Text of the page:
HS Icon Horses

0101 (Harmonized System 1992 for 4-digit)

 2019
World Trade
: $3.32B, Rnk 604 / 1217

2019
Top Exporter | Top Importer
: $543M | $684M, China | Hong Kong

2019
Product Complexity
: -0.11, Rnk 560 / 961

2018 - 2019
Export Growth (CAGR)
: 11.1%, Rnk 74 / 1217

2018
Mean Tariff
: 7.23%, Rnk 604 / 1259

 2019
Share of World Trade
: 0.018%, Rnk 604 / 1217

Overview:  This page contains the latest trade data of Horses. In 2019, Horses were the world's 604th most traded product, with a total trade of $3.32B. Between 2018 and 2019 the exports of Horses grew by 11.1%, from  $2.99B to $3.32B. Trade in Horses represent 0.018% of total world trade.

Exports: In 2019 the top exporters of Horses  were China ($543M), United Kingdom ($492M), Ireland ($471M), United States ($355M), and Germany ($252M).

Imports: In 2019 the top importers of Horses were Hong Kong ($684M), United States ($537M), United Kingdom ($527M), Ireland ($321M), and Japan ($144M).

Tariffs: In 2018 the average tariff for Horses was 7.23%, making it the 604th lowest tariff using the HS4 product classification.

The countries with the highest import tariffs for Horses are Tunisia (36%), Barbados (25.2%), Bermuda (25%), Belize (24.6%), and India (24.5%). The countries with the lowest tariffs are Angola (0%), Mauritius (0%), South Africa (0%), United Arab Emirates (0%), and Hong Kong (0%).

Ranking: Horses ranks 560th in the Product Complexity Index (PCI).

Exporters and Importers

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Trade By Country

Top Origin (2019): China, $543M

Top Destination (2019): Hong Kong, $684M

Horses are the world's 604th most traded product.

In 2019, the top exporters of Horses were China ($543M), United Kingdom ($492M), Ireland ($471M), United States ($355M), and Germany ($252M).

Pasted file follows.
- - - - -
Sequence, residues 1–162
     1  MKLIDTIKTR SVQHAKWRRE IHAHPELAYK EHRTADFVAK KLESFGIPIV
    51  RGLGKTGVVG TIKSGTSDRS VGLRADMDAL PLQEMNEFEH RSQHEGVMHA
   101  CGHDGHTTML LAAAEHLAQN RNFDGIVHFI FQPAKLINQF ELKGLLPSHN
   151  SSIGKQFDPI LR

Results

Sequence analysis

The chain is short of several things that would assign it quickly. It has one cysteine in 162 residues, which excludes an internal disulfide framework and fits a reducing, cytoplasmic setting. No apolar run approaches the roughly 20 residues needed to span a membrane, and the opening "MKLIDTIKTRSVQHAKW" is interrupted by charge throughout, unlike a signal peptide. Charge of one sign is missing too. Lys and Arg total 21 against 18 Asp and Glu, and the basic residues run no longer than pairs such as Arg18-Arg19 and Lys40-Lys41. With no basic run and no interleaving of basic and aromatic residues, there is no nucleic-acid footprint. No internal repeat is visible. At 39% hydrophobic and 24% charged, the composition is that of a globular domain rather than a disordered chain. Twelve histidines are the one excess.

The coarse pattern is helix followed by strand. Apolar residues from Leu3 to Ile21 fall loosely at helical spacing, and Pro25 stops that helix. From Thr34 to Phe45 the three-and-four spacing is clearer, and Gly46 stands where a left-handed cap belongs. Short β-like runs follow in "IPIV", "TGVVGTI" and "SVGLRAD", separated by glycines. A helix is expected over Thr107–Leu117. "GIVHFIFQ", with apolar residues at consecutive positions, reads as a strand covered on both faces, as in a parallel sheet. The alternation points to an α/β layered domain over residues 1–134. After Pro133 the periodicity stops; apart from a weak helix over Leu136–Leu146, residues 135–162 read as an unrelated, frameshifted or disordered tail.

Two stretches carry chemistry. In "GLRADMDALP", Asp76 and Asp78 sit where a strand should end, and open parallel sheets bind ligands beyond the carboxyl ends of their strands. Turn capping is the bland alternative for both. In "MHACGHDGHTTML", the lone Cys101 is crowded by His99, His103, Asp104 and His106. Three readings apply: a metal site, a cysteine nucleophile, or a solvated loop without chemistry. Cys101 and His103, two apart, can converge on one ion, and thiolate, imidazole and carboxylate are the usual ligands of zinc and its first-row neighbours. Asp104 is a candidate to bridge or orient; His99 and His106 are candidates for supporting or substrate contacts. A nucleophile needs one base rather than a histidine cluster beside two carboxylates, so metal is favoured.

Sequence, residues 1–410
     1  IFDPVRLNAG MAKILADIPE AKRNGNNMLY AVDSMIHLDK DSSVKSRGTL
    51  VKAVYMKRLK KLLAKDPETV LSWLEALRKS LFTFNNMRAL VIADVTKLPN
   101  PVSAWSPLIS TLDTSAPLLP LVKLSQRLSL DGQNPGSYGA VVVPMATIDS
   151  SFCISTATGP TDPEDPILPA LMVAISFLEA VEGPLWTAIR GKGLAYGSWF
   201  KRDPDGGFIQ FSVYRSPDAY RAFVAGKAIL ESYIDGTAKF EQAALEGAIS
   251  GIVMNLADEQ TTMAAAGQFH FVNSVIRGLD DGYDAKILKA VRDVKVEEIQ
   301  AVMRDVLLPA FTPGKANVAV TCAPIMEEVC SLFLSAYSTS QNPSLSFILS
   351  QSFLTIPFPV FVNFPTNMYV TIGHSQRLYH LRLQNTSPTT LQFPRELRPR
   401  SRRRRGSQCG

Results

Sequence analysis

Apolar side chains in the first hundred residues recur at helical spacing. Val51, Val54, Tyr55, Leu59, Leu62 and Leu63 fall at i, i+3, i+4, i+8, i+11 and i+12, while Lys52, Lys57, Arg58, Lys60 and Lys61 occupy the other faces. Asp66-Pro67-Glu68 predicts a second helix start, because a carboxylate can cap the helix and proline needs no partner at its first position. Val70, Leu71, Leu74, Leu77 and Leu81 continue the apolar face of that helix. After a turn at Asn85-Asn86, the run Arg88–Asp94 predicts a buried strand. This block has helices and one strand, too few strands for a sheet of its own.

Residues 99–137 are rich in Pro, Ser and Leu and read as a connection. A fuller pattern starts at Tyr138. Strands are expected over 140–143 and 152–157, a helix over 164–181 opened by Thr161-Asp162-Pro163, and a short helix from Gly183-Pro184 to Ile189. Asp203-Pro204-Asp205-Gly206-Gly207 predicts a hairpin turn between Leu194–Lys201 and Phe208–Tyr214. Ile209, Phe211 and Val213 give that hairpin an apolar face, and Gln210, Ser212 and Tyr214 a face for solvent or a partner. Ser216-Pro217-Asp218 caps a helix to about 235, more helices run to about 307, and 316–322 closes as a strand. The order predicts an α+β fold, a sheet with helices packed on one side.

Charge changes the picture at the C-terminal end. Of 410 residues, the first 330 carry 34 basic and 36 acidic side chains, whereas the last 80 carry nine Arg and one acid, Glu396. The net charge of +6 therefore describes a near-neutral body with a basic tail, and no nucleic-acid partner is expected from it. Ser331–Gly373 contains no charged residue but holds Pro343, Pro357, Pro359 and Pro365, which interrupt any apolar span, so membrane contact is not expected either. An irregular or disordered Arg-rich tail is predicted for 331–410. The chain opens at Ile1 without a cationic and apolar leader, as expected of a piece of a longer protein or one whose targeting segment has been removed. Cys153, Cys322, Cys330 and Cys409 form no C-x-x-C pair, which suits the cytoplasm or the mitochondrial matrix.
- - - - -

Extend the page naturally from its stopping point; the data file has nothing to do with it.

In 2019, the top importers of Horses were Hong Kong ($684M), United States ($537M), United Kingdom ($527M), Ireland ($321M), and Japan ($144M).

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Market Dynamics

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Trade by country

Value

Top Origin Growth (2018 -  2019): China, $426M

Top Destination Growth (2018 - 2019): Hong Kong, $410M

Between 2018 and 2019, the exports of Horses grew the fastest in China ($426M), Germany ($33M), United Kingdom ($9.1M), United Arab Emirates ($5.69M), and Brazil ($4.79M).

Between 2018 and 2019, the fastest growing importers of Horses were Hong Kong ($410M), United States ($74M), Netherlands ($24M), New Zealand ($15.3M), and Switzerland ($10.3M).

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Market Concentration

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Cumulative market share

This chart shows the evolution of the market concentration of exports of Horses.

In 2019,  market concentration measured using Shannon Entropy, was 3.8. This means that most of the exports of Horses are explained by 13 countries.

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TOP NET EXPORTER (2019): China, $517M

TOP NET IMPORTER (2019): Hong Kong, $683M

This map shows which countries export or import more of Horses. Each country is colored based on the difference in exports and imports of Horses during 2019.

In 2019, the countries that had a largest trade value in exports than in imports of Horses were China ($517M), Germany ($197M), Netherlands ($175M), Ireland ($150M), and France ($122M).

In 2019, the countries that had a largest trade value in imports than in exports of Horses were Hong Kong ($683M), United States ($182M), Japan ($120M), Mexico ($80.1M), and Switzerland ($57.5M).

Disaggregation

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Value

In 2019, the world most traded Horses, disaggragated by their HS6 level were Horses, live except pure-bred breeding ($1.71B), Horses, live pure-bred breeding ($1.6B), and Asses, mules and hinnies, live ($800k)

Import Tariffs

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In 2018, the average tariff for importing Horses was 7.23%.  The countries with the highest tariffs for importing Horses were Tunisia (36%), Barbados (25.2%), Bermuda (25%), Belize (24.6%), and India (24.5%).

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Product Complexity

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Diversification Frontier

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The Complexity-Relatedness diagram compares the risk and the strategic value of a product's potential export opportunities. Relatedness is predictive of the probability that a country increases its exports in a product. Complexity, is associated with higher levels of income, economic growth potential, lower income inequality, and lower emissions.